Healthcare is a very traditional and conservative industry. Never more has this been apparent that after a few seminars I have recently attended on quality in healthcare. After the seminars, two things stood out in my mind: 1. Healthcare is, generally, not willing to take advice from folks “outside” of healthcare; 2. Physicians are the hardest to change.

While healthcare, at this point, is desperately trying to adopt successful manufacturing principles to reform the delivery of care in this country, they are unwilling to allow quality engineers to help them “re-invent the wheel.” What I have been taught, and believe myself, is that a quality expert (from any field) can be successful so long as they build teams of experts from the field. So, in my mind, healthcare professionals need to become more open to the ideas and teachings of quality experts in order to get the wheels of reform rolling. With time, the quality experts will have trained enough healthcare professionals, like myself, to carry the torch and lead healthcare into the next generation of delivery – patient centered healthcare.

Secondly, the hardest group to convince that healthcare is in need of change are the physicians. It seems that when re-designing healthcare facilities, the focus is often centered on the physicians and not the patient. This is because the physicians tend to dig their feet in to what they think is appropriate for the patient, which usually turns out to be not so patient-focused. Further, the physicians are the last ones to admit that they make mistakes. With the legal system being what it is today this is completely understandable. This is perhaps why, the IOM report has been speculated to be underestimated by about 4-fold. However, studies prove that patients are less likely to sue if they are told the truth about the error that occurred during their treatment or procedure than if the truth is covered up. The patient just wants to be told the truth about their care.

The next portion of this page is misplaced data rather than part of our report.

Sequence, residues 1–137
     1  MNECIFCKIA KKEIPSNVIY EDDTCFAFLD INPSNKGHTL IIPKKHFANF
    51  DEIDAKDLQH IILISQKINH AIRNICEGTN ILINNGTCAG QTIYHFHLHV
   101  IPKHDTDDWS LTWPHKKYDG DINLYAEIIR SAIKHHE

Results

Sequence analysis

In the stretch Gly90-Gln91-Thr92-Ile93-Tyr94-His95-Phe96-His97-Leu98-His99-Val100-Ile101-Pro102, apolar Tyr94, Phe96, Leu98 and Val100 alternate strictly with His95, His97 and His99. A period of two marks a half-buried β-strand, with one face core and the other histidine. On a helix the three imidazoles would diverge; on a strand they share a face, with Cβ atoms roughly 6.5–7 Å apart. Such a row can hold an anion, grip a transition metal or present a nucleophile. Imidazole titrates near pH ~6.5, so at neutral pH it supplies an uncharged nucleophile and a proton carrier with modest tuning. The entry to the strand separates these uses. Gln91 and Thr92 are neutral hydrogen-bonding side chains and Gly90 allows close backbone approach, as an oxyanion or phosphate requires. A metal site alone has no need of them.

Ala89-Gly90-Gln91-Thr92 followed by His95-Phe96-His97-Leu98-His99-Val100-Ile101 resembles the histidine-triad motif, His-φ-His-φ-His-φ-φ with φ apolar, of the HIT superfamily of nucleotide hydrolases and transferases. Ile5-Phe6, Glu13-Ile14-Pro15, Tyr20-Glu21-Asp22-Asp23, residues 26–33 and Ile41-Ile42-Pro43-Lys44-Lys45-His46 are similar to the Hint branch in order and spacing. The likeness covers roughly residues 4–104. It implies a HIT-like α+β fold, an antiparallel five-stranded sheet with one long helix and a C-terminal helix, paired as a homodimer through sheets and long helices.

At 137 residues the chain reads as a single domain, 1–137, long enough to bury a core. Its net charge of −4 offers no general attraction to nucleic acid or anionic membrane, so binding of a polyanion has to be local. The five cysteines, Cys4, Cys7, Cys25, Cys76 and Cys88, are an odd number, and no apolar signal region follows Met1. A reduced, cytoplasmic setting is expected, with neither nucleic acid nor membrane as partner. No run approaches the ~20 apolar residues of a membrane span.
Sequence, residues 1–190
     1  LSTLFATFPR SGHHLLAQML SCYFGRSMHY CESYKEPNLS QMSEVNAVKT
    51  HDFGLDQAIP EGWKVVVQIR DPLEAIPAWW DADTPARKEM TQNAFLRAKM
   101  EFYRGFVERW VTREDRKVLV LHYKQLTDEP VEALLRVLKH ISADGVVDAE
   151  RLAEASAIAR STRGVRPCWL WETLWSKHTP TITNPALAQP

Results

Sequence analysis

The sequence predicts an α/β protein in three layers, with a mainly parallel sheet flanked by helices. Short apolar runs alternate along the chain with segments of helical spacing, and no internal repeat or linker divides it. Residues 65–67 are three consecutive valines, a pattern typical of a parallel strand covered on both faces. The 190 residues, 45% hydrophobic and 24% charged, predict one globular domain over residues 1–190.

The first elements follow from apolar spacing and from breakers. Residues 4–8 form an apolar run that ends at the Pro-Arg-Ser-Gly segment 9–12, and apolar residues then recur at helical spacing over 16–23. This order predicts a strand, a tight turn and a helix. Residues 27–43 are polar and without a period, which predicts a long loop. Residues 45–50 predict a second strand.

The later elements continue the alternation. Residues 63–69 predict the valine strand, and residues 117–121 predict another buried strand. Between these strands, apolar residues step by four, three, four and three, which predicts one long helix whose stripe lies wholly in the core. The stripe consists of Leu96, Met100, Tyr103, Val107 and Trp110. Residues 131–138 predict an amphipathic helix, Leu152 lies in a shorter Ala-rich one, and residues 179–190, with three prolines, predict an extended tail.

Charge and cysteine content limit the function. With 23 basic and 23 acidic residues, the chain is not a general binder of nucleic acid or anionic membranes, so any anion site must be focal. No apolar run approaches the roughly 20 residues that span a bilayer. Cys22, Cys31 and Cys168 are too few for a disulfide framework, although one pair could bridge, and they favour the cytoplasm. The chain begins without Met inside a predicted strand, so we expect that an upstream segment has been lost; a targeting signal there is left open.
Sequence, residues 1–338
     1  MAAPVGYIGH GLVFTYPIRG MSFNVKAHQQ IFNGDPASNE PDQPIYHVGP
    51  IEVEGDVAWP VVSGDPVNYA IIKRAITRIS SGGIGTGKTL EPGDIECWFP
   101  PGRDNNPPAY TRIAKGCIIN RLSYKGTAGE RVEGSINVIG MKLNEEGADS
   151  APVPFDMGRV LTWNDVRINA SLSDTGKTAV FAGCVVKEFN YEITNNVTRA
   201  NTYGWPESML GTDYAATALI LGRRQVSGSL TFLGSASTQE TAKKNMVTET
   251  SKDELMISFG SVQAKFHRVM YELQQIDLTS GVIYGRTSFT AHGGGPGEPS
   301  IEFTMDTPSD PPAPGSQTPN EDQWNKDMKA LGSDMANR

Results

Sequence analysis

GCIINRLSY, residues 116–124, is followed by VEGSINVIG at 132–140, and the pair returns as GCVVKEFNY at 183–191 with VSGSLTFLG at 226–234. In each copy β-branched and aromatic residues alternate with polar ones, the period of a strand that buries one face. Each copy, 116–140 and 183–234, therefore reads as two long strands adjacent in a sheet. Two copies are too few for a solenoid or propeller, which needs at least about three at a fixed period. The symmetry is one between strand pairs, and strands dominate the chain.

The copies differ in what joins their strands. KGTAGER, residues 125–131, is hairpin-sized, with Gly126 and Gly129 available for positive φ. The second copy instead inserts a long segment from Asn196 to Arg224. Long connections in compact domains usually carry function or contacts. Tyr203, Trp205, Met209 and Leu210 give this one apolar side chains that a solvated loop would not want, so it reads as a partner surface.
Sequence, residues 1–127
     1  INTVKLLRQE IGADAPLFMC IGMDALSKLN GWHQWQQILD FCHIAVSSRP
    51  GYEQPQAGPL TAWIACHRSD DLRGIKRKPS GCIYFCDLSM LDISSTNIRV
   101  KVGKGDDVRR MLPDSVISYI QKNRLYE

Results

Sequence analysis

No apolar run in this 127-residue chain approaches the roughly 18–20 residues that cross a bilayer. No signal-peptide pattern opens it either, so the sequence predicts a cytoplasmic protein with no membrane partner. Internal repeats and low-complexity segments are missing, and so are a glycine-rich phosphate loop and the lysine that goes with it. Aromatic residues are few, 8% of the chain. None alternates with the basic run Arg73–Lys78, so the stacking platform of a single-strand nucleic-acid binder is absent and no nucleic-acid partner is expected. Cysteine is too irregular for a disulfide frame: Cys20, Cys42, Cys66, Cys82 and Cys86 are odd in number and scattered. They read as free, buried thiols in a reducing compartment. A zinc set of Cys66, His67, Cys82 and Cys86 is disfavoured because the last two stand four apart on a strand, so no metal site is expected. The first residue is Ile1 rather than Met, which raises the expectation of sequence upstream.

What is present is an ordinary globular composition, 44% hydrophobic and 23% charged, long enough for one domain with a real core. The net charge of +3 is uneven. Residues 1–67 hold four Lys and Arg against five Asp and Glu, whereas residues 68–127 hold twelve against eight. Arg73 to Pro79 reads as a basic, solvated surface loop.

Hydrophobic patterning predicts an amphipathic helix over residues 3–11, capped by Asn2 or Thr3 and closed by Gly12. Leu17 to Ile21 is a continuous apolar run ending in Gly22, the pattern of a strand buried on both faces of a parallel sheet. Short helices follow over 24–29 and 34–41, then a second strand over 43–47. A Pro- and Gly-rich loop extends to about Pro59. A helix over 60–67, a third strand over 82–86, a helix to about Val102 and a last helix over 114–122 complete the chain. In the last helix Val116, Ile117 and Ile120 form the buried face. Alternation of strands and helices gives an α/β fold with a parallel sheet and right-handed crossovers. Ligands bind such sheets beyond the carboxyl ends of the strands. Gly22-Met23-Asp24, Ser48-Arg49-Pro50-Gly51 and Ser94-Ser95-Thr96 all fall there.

In order to completely reform healthcare, we must get physicians on board with the quality movement. Their view that they are infallible needs too be changed, and they must realize that the patient deserves better. Finally, physicians must respect the teams of professionals that help them to treat their patients on a daily basis. Too often, I experience physicians “passing the buck” on to the nursing staff, lab staff, etc. for errors that occurred. Physicians need to realize that these people are the frontline workers, the faces of quality, that are very passionate about the service they provide. The teams of professionals work very hard and take patient care very personally, which is perhaps why the turn over rate for nurses is so high. No one purposely makes a mistake, it’s the current processes that leave the door wide open for an error to occur. Overall, everyone needs to realize that if an error occurs, it is everyone’s responsibility as the system has failed them.

Like Deming and other quality pioneers, everyone in healthcare must realize that it’s the not the people at the center of poor quality, its poor processes that are leading to medical error. Until physicians and healthcare professional, alike, can admit that medical error occurs as a result of processes designed 40 years ago, there will never be any improvement in the delivery of care.

Fortunately, physicians are starting to understand the need to reform the quality of healthcare. Unfortunately, they are just “blips on the map.” In order for the movement to be launched in the physician sector, these blips need to connect the dots and create a contingency of followers that suggest to physicians across the country that the time to adopt new practices is now.

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